Each Wednesday, the United Nations Information Centre (Windhoek) celebrates women through its #WednesdayCelebrateWomen social media campaign. This week, UNIC Windhoek celebrates Ms. Kiki Gbeho, the UN Resident Coordinator to Namibia. Read UNIC Windhoek’s interview with Ms. Gbeho to learn more about her role as well and her thoughts on women’s empowerment and gender equality in Namibia.
Could you briefly describe your role as the UN Resident Coordinator to Namibia? What has been the most rewarding part of being in this position?
Key components of my work include to:
- Ensure coordinated support to the Government of Namibia, when they request it, to deliver on their national development plans. The UN does this primarily through its partnership framework with government. The focus is in four areas (Poverty, Health, Education and Environment) with gender and youth cutting across all activities.
- Ensure effective advocacy with not only the highest level of Government but also the people of Namibia particularly on the global development agenda 2030/SDGs. Advocacy includes the four partnership areas. The idea is to get across key messages, and share best practise and information from all over the globe with Namibia. I have noticed for example that information we share with statistical backing is appreciated on our social media accounts.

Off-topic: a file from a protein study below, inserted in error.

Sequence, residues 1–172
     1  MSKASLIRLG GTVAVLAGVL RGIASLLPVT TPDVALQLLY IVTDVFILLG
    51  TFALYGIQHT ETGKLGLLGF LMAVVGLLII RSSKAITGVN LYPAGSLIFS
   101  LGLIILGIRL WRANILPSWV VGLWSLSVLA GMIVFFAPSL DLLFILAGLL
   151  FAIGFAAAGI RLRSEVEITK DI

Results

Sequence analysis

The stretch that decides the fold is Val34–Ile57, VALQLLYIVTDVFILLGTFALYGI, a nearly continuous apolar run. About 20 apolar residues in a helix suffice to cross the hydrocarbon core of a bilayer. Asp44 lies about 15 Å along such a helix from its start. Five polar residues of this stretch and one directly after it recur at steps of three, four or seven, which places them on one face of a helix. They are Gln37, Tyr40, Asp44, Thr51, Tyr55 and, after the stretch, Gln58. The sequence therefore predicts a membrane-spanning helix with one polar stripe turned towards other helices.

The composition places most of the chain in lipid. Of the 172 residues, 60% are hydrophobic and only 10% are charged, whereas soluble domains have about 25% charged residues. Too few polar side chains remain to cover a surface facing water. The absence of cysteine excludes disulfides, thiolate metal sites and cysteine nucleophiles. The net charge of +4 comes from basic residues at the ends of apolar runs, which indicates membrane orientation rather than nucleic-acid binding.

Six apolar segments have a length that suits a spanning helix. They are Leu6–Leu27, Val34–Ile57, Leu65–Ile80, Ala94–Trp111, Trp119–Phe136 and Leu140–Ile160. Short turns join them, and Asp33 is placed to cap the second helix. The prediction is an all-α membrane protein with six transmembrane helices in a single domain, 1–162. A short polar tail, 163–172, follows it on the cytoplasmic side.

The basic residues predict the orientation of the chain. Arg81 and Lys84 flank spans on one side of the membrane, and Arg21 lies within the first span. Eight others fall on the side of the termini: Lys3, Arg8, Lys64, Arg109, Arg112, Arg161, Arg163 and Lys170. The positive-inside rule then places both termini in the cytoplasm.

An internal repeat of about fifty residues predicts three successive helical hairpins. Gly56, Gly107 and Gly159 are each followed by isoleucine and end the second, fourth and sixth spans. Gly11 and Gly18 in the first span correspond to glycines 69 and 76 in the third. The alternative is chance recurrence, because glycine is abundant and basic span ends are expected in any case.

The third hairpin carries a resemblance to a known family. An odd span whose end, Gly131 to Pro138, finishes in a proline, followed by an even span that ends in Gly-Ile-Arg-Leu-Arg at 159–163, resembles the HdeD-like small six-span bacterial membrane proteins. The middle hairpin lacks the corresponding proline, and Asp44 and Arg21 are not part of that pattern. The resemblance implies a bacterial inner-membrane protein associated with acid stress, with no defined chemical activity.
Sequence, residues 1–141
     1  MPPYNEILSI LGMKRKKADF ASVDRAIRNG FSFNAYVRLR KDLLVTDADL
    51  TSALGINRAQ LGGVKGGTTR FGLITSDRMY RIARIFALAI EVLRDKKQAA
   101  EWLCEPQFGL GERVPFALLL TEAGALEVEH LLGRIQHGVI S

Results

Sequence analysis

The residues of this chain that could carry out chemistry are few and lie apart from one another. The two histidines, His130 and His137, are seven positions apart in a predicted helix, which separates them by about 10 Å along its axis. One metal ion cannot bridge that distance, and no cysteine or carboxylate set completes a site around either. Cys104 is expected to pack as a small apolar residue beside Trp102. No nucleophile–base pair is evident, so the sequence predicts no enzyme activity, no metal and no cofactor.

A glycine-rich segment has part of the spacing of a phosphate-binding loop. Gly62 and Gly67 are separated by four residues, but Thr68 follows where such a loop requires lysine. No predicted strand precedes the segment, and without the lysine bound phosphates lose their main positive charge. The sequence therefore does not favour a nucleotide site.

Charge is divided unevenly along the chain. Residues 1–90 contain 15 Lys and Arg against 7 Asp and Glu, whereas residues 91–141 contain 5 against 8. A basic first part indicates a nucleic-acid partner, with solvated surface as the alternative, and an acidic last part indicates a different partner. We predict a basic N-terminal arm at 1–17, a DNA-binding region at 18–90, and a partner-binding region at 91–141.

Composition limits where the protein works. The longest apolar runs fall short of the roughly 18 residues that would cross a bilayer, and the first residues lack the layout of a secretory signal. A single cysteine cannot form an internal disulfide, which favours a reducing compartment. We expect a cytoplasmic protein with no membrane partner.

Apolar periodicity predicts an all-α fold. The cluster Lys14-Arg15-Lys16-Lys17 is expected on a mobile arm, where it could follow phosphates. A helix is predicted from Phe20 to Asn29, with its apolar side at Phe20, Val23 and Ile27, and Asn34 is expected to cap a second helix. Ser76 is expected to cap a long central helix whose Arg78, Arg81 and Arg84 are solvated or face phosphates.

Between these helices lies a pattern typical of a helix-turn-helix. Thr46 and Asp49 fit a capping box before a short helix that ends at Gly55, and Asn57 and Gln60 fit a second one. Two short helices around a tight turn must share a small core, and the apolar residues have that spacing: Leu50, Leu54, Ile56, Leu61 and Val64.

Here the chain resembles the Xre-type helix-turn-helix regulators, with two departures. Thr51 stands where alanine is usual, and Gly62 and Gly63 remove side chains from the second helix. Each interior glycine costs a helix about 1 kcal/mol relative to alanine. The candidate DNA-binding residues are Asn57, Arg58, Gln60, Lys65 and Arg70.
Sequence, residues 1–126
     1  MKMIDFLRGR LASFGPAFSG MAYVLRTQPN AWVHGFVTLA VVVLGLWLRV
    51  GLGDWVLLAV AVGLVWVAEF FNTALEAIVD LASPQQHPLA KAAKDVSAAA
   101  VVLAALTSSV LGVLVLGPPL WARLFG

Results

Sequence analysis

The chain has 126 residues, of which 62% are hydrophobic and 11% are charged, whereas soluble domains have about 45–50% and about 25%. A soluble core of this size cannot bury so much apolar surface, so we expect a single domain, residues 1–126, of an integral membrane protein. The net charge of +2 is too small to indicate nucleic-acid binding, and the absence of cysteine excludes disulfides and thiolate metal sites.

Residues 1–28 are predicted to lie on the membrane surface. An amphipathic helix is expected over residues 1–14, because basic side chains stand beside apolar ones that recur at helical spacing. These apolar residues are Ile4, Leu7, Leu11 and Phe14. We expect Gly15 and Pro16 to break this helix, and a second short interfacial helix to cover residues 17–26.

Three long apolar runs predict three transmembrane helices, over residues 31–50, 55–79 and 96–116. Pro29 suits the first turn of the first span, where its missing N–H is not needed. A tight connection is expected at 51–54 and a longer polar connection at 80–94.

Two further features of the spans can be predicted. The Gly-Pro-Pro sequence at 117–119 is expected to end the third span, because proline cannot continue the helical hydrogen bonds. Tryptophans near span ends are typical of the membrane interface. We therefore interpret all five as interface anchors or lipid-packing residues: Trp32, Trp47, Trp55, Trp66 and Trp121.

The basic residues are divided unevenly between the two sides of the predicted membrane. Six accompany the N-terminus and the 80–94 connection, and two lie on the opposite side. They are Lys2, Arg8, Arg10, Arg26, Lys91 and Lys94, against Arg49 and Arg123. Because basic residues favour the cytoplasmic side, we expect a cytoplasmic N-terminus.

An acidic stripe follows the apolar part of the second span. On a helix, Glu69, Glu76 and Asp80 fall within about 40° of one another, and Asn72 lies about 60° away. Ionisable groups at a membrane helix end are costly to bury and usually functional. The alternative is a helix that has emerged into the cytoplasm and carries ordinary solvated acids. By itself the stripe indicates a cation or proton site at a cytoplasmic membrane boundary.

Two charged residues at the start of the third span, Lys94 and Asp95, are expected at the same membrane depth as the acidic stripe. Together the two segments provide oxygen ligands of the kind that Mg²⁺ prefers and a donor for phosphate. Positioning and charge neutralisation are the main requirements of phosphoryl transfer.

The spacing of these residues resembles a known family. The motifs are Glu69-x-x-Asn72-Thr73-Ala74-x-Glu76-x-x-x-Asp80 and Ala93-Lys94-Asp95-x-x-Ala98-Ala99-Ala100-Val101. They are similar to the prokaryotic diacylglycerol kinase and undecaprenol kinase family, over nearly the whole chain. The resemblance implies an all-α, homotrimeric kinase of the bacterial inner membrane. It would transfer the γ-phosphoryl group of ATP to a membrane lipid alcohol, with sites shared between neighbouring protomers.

- I also encourage and support national efforts in disaster risk reduction. For example, currently the UN is supporting the Office of the Prime Minister to develop a national strategy for mainstreaming Disaster Risk Reduction and Climate Change Adaptation into development planning. These efforts are in order to enhance national resilience to disasters. The UN is also supporting Government on Drought Preparedness, through development of policy and guidelines for nutrition in emergencies.
- As the Designated Official, I ensure effective coordination of country-level security and the safety of all UN staff and dependants, and lead the inter-agency Security Management Team.
Why is women’s empowerment important?
His Excellency the President has declared a war on Poverty, elaborated the HPP and announced that 2016 is the year of implantation. We will not accelerate development nor eradicate poverty if half the population (51.5% female) are not on board. There are numerous studies that demonstrate that women are great multipliers of development progress. African women are the pillars of the community whether because of the work they carry out as care givers, or supporting their families by working on their farms. They are often held back because of lack of recognition and ‘rewards’ for the work they undertake; lack of education; and sometimes insufficient protection.
Africa will not grow, realise Agenda 2063, or the SDGs without investing in women. Women are a resource that is not fully tapped. Continue reading